Dr. Gail Myers is a cultural anthropologist who earned her Doctorate in Anthropology from The Ohio State University, her Masters in Applied Anthropology from Georgia State University and her Bachelors in English from Florida State University.
In 2001, Dr. Myers organized the first statewide conference for African American farmers in Ohio Sustaining Communities: Ohio’s Black Farmers at the Crossroads.
In 2005, Dr. Myers organized the 19th California Small Farm Conference in Ventura, CA,
In 2004, Dr. Myers founded Farms to Grow, Inc.
In 2013 Dr. Myers founded the Freedom Farmers Market in partnership with farmers, business owners, and makers, and community vendors who cooperate to bring the Freedom Farmers Market to West Oakland.
Q: Why are urban farms important?
Gail Myers: Urban farms fill in the needed gaps for local food needs. Most of the need for fresh food in urban centers is from low-wealth community members. Those who live in the so-called food deserts. Where corner stores with liquor and tobacco products are more prevalent than fresh foods. Urban farms could address a real food need for those without real access to good safe food. Most of the food that is consumed by people in low income communities is so toxic. It’s no secret why people are so ill in this country and dying from preventable food related diseases. The poor quality food, goes hand in hand with poor quality of life in many areas, lead to early deaths.
Early urban farms, or the Victory Gardens were important during the depression and helped communities survive. Certainly, we’re not in a national economic depression, but we are in a fresh food depression in many areas, albeit not across all class categories. What we really need are the people in urban communities growing their own foods and less of the hipsters coming into these areas and setting up these gardens and calling them community gardens but they’re not for the community because the community is being gentrified and no place for the folks in the community to afford to live.
Q: What does you organization Farms to Grow do?
GM: Farms to Grow, Inc. works directly one on one with farmers, schools, churches, organizations, individuals to connect them to each other. Our mission is to assist Black farmers and other socially disadvantaged farmers, maintain and grow their farms. We help farmers get the support they need, in areas of — farm labor, plants, seeds, livestock, legal help, farm management, inventory development and other areas that farmers request. We also make sure the next generation is trained and is as excited about farming and gardening as the current farmers.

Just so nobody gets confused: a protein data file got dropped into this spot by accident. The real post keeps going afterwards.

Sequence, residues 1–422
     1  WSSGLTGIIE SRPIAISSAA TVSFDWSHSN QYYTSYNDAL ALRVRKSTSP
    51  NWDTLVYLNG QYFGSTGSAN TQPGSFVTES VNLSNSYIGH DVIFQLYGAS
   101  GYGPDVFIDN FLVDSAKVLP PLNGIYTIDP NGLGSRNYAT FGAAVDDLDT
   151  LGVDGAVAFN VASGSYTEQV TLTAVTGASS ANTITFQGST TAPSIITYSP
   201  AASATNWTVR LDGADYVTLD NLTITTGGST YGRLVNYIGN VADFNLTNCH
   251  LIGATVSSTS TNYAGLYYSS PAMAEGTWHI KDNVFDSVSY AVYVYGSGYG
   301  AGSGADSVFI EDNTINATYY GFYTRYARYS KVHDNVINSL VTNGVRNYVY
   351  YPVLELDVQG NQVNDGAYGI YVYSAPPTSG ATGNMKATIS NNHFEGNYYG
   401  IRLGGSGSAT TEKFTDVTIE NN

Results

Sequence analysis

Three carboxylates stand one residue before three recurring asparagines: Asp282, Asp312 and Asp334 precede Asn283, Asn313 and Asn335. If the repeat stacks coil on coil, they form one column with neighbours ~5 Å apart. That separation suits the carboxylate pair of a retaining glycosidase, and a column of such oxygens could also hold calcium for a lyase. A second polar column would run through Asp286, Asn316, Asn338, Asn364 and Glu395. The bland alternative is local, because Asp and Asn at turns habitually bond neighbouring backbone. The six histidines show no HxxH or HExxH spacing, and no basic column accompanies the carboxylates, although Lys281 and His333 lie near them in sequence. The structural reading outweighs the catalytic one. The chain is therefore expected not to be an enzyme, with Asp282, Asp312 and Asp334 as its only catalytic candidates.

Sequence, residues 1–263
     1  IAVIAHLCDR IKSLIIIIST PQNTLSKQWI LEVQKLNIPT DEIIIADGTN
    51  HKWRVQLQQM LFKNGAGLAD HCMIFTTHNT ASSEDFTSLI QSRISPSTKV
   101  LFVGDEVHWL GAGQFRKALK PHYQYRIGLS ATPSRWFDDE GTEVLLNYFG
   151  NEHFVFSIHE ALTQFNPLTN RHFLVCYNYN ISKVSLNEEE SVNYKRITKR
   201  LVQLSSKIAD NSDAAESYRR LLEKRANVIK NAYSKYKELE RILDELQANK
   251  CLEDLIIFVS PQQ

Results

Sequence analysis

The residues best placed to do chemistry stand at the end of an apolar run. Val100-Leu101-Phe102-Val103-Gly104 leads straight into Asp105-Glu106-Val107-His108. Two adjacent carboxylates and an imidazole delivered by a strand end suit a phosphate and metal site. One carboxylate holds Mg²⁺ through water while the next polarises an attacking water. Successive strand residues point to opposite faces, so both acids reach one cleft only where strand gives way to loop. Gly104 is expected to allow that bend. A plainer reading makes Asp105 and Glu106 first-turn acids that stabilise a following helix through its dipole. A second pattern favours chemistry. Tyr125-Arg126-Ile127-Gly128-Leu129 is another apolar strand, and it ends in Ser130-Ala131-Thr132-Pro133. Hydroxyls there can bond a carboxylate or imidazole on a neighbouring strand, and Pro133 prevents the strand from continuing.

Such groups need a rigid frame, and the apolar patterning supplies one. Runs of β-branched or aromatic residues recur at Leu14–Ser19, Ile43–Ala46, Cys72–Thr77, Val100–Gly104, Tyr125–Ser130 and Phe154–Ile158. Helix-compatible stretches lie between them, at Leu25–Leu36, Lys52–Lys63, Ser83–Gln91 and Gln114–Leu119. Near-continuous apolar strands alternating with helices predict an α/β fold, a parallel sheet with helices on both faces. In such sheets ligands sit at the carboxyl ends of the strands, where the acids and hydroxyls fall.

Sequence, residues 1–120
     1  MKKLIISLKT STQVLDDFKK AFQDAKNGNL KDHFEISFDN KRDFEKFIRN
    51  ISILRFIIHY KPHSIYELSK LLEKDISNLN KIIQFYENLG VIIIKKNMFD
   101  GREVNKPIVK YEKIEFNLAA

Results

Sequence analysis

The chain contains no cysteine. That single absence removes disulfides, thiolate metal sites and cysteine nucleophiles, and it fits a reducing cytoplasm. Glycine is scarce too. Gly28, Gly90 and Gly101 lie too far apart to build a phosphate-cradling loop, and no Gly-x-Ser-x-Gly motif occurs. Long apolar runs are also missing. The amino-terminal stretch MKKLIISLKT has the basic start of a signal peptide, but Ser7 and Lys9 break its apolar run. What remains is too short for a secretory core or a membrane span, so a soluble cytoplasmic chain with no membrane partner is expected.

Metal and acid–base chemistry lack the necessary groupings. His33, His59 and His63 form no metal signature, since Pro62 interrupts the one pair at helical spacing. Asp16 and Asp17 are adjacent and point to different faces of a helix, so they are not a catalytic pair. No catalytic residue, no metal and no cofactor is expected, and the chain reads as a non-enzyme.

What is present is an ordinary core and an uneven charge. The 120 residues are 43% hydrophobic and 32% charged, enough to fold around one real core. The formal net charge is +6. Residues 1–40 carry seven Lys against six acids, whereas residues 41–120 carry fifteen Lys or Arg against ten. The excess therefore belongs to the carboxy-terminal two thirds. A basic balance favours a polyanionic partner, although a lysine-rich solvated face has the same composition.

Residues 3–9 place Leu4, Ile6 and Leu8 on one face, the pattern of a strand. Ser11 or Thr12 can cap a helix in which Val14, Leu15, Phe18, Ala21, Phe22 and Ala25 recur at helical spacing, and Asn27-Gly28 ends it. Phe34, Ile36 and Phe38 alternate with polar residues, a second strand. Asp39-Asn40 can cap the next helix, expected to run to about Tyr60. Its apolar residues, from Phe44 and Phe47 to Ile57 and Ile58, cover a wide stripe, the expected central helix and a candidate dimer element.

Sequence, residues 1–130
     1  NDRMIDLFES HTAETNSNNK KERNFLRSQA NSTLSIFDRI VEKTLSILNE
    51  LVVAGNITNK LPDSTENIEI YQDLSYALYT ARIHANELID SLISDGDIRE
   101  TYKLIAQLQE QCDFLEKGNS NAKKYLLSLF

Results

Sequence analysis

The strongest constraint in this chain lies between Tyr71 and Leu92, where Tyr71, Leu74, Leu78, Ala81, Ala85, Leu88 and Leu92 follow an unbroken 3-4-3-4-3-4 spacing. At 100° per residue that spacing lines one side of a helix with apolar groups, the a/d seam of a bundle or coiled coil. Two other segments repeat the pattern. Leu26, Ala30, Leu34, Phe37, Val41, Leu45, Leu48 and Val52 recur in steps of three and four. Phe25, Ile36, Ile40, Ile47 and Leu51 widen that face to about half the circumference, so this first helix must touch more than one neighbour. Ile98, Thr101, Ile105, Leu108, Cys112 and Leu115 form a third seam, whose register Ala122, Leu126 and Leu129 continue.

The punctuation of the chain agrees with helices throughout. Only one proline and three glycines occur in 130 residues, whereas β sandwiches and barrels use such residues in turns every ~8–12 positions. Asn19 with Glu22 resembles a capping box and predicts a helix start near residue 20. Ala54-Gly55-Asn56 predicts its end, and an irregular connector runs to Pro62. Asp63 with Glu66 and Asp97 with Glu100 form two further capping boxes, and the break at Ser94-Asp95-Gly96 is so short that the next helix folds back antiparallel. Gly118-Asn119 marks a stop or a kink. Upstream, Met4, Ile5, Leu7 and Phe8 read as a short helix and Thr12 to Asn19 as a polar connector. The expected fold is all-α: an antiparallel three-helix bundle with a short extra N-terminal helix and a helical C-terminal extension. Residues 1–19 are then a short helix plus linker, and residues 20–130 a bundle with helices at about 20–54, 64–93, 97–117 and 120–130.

Our Gardens to Grow program takes us into schools, daycare centers, YMCA’s, summer programs, festivals, fairs, and other areas to teach the joy of gardening to youth and their families. We also launch and manage farmers markets. Currently, we have operating every Saturday the Freedom Farmers Market in Oakland. This market is a gathering place for the community where they can meet California Black farmers and food entrepreneurs, and other black independent businesses at the market. We create a powerful cultural expression around food each week and this market presents another alternative to the current farmers market models. At the Freedom Farmers Market, we have watermelon eating contests, pea shelling contests, 6 week cooking academy, poetry readings, dance, community gatherings and much more.
Farms to Grow, Inc. also has had our Young chefs program where we teach cooking to 3rd graders in San Francisco school. We were in the same school for 5 years and taught over 120 students, mostly girls, the cooking basics and gardening too.
Q: Tell us how farming and cooking empowers young people?
GM: Farming and cooking both are like watching something grow from a seed into a plant or from a raw plant product into a finished product on the plate.
There is power in the land and there is power in the food.
When you give young people the access to channel that power in both, they connect with those parts of themselves that are ancestor and spirit based. They will benefit from the power of connection no doubt.